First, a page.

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UNESCO HIV and Health Education Clearinghouse

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  1. Aborting and suspending pregnancy in rural Tanzania: an ethnography of young people's beliefs and pratices

    This study is an article extracted from "Studies in family Planning" published in December 2008. The objective of this study is to analyse abortion practices and beliefs among adolescents and young adults in Tanzania, where abortion is illegal. From 1999 to 2002, six researchers carried out participant observation in nine villages and conducted group discussions and interviews in three others. Most informants opposed abortion as illegal, immoral, dangerous, or unacceptable without without the man's consent, and many reported that ancestral spirits killed women who aborted clan descendants. …

  2. Protecting the next generation in Malawi. New evidence on adolescent sexual and reproductive health needs

    This report presents key findings from a new body of research that describes the sexual and reproductive health needs of Malawi's youth. The information was gathered from young Malawians themselves through focus group discussions, in-depth interviews and a nationally representative survey on sex, relationships, marriage, HIV/AIDS and pregnancy among young women and men aged 12-19. This report discusses in detail some of the challenges in and opportunities for improving the sexual and reproductive health of adolescents in Malawi. …

  3. Finding our voices. Gender and sexual identities and HIV/AIDS in education

    Of the 8,600,000 young people living with HIV/AIDS in sub-Saharan Africa, 67 percent are young women and 33 percent are young men (Young People and HIV/AIDS: Opportunity in Crisis, UNICEF, UNAIDS, WHO, 2001). The Girls' Education Programme recognises 'gender' as the features associated in specific cultures with masculinity and femininity, and acknowledges that not all societies and cultures share the same ideas of what it means to be male or female. …

  4. The voices of young Zimbabweans. Gender and sexual identities and HIV/AIDS in education

    The Government of Zimbabwe has prioritised the need for better adolescent reproductive health (ARH) to combat HIV/AIDS transmission, reduce teenage pregnancies and the proportion of school dropouts, and ensure equality of health provision to the country's youth. In view of the paucity of information on the identities of adolescents as they construct and experience them themselves, UNICEF ESARO in 2001 commissioned this study on young people in Zimbabwe. …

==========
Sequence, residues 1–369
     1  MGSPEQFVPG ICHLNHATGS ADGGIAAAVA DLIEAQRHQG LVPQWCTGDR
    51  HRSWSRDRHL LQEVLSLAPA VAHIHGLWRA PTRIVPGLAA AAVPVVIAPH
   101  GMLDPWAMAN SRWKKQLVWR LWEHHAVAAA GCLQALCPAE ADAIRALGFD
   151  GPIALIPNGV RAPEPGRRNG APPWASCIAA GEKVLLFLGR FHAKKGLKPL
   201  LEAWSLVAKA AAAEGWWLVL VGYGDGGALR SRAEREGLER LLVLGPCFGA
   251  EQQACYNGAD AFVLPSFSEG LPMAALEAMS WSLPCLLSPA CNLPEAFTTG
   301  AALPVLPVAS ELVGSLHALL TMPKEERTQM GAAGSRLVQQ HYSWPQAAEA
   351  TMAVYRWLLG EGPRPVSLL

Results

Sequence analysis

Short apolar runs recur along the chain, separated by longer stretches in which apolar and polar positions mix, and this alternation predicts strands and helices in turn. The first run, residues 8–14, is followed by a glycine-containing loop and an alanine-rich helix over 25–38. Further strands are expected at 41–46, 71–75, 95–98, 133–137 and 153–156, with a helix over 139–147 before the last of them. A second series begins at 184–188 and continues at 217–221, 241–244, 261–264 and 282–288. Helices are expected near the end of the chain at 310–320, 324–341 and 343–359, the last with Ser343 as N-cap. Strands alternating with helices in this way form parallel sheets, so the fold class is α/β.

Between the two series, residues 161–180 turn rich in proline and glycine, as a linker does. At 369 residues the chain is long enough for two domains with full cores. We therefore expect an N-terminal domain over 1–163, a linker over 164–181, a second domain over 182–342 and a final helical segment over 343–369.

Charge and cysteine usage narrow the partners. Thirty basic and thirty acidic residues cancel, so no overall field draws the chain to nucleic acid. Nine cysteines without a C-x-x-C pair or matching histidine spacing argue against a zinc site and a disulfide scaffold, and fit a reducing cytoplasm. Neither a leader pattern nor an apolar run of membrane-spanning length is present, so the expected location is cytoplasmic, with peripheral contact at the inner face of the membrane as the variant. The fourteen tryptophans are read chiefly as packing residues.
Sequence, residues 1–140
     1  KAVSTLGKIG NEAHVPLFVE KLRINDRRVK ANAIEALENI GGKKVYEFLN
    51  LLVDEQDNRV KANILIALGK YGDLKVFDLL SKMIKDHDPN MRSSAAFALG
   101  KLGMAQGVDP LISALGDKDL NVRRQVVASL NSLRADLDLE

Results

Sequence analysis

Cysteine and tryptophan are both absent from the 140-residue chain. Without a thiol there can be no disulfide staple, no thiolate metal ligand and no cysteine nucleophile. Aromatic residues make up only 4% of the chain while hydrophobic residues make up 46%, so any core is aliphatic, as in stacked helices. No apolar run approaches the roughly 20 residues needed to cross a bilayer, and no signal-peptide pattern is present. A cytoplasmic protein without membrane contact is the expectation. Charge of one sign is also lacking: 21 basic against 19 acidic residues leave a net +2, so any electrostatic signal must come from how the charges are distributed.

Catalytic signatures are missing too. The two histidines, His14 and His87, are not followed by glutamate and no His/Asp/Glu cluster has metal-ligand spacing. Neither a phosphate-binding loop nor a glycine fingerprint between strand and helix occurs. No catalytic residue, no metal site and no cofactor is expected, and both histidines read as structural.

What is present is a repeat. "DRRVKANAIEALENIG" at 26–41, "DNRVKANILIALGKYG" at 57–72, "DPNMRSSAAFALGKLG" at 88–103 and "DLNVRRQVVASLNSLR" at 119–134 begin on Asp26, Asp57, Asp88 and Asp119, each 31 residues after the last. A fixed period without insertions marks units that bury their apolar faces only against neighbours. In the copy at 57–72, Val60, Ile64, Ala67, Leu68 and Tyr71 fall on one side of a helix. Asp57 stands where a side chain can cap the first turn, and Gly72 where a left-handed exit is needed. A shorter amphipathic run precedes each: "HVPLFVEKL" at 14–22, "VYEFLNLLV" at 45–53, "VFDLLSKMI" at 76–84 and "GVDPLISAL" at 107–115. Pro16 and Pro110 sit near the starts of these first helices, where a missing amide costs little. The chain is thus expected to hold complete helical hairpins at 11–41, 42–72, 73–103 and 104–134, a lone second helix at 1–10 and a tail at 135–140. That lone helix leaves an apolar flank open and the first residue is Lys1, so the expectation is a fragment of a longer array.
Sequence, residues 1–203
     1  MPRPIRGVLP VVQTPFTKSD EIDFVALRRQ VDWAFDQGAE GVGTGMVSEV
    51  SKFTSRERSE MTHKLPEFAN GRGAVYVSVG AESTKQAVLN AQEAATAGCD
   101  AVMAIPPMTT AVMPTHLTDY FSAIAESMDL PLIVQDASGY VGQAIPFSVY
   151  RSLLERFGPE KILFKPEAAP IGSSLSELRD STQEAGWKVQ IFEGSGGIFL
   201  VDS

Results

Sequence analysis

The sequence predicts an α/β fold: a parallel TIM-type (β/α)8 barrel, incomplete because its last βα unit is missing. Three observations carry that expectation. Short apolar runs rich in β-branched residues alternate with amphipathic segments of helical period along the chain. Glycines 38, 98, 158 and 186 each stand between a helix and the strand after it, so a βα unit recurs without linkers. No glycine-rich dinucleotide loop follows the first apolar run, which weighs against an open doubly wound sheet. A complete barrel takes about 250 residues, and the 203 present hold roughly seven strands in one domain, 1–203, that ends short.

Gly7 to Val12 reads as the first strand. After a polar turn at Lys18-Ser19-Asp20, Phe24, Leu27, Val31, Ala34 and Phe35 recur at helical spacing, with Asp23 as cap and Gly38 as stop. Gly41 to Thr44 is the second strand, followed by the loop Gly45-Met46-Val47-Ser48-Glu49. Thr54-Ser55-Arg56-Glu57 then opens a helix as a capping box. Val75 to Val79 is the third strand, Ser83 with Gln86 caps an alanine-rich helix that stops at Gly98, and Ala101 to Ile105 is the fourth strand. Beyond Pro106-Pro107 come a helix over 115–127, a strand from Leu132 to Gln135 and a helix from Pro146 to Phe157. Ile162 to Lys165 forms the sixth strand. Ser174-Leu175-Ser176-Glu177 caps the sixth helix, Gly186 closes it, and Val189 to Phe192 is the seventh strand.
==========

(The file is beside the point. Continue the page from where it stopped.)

5. HIV/AIDS prevention guidance for reproductive health professionals in developing-country settings

    This document is designed to provide an overview of the issues of HIV/AIDS, challenges, and opportunities around integrating a broad range of HIV/AIDS interventions into existing reproductive and sexual health programmes and services, and to provide some practical examples of interventions that have been successful.

  6. Timing of first intercourse among Malian adolescents: implications for contraceptive use

    In Mali, young women's psychological characteristics are strongly associated with their sexual experience (including the timing of their first sexual encounter) and ultimately with their ability to protect themselves from sexual health risks.

  7. You, your life, your dreams : a book for adolescents

    The book was written for adolescents aged 14 to 19, to help them cope with challenges and decisions they may face during the transition period from childhood to adulthood. The book presents factual information about the changes that occur during this time of life, and about a range of other issues such as: how to stay physically and emotionally healthy, how to avoid sexually transmitted infections and unwanted pregnancy, how to handle pressure to have sex, and how to avoid drug and alcohol abuse. …

  8. Gender differentials in adolescent sexual activity and reproductive health risks in Cameroon

    This paper documents how young men and women in Cameroon vary in the way they conduct their sexual lives as well as in the reproductive health risks they take. Consideration is given to gender differentials in patterns of sexual initiation, number of regular and casual partners, and condom use. It also examines factors affecting male and female patterns of sexual and reproductive health behaviour. It evaluates and contrasts the health consequences of the sexual activity of both males and females, including the prevalence of sexually transmitted infections.

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